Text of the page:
February 23, 2007

University's divestment decision has major holes

In a recent issue of the Maroon, two articles, by Andrew Flowers and Zack Hill, offered opposing views on the University’s decision not to divest from companies financing Sudan’s government (“Did the University Make the Right Decision by Not Divesting from Sudan?” 2/13/07). Hill’s sarcastic argument does not provide an effective opposition to Flowers’s argument or to the decision of President Zimmer and the Board of Trustees. The holes in Flowers’s argument and some points in Hill’s, however, deserve to be taken seriously.

Flowers argues that “divesting implicitly [tells] the academic body what to think is right and wrong.” Echoing the affirmations of President Zimmer, this argument fails. Is the academic body pressured to agree with the actions of Zimmer and the Board? Further, if the University divests, would the ability to protest this action, or any other University position, be endangered? The argument of both Flowers and Zimmer seems to be that if the Board of Trustees and the President believe something, nobody else associated with the University has the ability to disagree. This is absurd and condescending. This entire divestment controversy—not to mention that surrounding the Uncommon Application—is testament to the freedom of the student body, faculty, staff, and alumni to oppose and to dissent. If the University’s investments have not prevented opposition, why and how should divestment?

Flowers further contends that to divest is to assert that divestment is the best way to combat the genocide, thereby preventing further, possibly more effective action. It is erroneous, however, to assume that taking one action eliminates the possibility of others. To combat crime, a government allocates a portion of its budget to increase the size of its police force. Does this prevent the government from using another portion of its budget to improve schools or create jobs to accomplish the same goal? Divesting neither prevents nor eliminates alternative political, corporate, community, or individual action. If he were to visit STAND’s website, Flowers would find that the organization understands this, advocating several initiatives to combat the genocide, including education, political pressure, letters, call-ins, lobbying, demonstrations, op-eds, publicity, fundraising, and, of course, divestment. Nowhere on the website does it call divestment more effective or more important than any of these other

Finally, Flowers challenges STAND to urge other, non-University bodies to divest from Sudan if they feel divestment is so powerful. STAND’s website, as well as that of its partner, the Sudan Divestment Task Force, shows that both organizations are doing exactly that: encouraging cities, corporations, and states to divest.

Where Flowers’s arguments fail logically, Hill’s falter stylistically. The sarcasm of the latter weakens points to be made against the University’s decision. Hill is right to question not why the University would reject divesting from companies financing Omar al-Bashir’s regime, but rather why it would invest in them in the first place. President Zimmer and the Board of Trustees have stopped short of defining the economic advantages of the investments, a potentially appealing defense to a University community with a highly renowned economics department and a significant undergraduate population majoring in economics.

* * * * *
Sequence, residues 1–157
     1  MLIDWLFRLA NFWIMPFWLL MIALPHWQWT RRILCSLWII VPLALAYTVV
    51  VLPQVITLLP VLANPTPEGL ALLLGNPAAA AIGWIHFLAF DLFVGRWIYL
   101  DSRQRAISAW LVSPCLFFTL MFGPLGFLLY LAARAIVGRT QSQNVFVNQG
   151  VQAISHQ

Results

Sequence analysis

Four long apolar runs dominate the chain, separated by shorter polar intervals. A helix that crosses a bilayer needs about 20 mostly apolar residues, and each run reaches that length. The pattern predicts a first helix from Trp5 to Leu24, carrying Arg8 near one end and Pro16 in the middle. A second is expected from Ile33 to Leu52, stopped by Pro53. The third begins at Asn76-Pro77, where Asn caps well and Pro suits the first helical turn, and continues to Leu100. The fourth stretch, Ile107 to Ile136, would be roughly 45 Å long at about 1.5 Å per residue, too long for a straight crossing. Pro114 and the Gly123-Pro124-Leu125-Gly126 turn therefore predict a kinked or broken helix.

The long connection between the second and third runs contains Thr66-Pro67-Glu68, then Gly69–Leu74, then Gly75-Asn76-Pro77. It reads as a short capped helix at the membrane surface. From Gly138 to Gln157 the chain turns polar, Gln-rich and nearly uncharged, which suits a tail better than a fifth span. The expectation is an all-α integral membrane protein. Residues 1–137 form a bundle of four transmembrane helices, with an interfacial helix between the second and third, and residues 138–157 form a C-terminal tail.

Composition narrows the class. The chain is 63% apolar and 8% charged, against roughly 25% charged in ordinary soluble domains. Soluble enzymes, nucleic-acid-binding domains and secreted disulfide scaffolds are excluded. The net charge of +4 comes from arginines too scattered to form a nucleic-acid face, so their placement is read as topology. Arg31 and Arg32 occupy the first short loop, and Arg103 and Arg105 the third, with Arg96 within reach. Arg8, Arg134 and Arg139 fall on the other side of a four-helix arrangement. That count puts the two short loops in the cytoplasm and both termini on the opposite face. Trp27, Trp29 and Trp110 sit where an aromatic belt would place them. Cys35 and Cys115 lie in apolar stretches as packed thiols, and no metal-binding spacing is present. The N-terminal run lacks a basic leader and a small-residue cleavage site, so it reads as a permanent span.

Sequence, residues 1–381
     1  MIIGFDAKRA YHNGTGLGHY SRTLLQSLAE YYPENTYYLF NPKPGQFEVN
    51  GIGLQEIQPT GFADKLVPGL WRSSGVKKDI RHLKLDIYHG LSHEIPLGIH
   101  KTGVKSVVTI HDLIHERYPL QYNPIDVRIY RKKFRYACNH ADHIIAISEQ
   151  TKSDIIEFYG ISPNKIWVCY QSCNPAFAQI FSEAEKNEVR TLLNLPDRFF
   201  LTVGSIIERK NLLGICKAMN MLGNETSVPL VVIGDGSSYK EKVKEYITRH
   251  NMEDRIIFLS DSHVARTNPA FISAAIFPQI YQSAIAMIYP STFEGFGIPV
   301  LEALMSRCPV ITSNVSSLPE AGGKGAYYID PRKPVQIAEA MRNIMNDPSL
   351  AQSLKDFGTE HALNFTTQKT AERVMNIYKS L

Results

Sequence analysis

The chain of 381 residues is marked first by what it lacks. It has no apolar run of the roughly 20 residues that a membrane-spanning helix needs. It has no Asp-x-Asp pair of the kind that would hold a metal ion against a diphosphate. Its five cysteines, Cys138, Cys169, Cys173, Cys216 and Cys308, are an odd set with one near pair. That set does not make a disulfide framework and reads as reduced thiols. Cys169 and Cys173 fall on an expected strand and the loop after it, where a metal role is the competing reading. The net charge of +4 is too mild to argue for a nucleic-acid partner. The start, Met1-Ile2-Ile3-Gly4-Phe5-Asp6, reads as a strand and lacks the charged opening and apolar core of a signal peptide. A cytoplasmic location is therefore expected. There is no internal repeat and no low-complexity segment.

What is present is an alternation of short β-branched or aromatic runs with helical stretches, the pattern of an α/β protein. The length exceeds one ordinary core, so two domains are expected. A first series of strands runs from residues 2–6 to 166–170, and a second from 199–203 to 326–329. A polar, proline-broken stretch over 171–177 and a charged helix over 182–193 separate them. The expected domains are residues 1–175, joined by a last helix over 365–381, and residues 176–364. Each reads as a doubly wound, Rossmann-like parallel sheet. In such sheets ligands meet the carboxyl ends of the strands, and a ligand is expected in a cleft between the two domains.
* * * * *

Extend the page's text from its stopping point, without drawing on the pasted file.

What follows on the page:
Hill is similarly right on point to question the rejection of divestment in the name of inefficacy. President Zimmer’s memorandum contends that “the University’s holdings in targeted companies may on any day be nonexistent or de minimis.” The Chicago Tribune reports that approximately $1 million (about 0.02 percent) of the University’s $5 billion endowment is invested in companies operating in Sudan. In considering this sum, the University should recognize its capacity to influence peers. The Carnegie Foundation for the Advancement of Teaching recognizes 4,670 post-secondary institutions in the United States. If each divests $1 million from the companies in question, the Sudanese regime would be denied $4.67 billion in potential assets, a value greater than the GDP of several highly impoverished nations. Such an outcome is uncertain and arguably improbable. However, divestment on a grand scale could provide incentive for businesses funding the Sudanese government to seek partners elsewhere, economically hampering the genocidal regime. As a prestigious academic institution, the University of Chicago is in a unique position to lead such a movement.

Of course, President Zimmer, the Board of Trustees, and Andrew Flowers contend that to divest would be to take a political stance, which is not the purpose or specialty of the University. This may be true, but it assumes that not divesting is not a political stance, which is simply untrue. If the University does not divest from these companies, it is continuing to invest in them, thereby funding the genocidal government. Is there a difference between monetary support and vocal political support? The stance of the Board and President Zimmer seems to be, “We don’t support the Sudanese regime; we just give them money.” In this light, the claims of neutrality espoused by supporters of the University’s decision prove empty.

In his concluding paragraph, Andrew Flowers insists that we should be asking, “What is the best way to stop genocide?” To me, the answer seems obvious: any way we can. Divesting alone will not calm Darfur; there is not one Gordian Knot–type solution to end the crisis. However, is denying money to the genocidal regime such a bad place to start?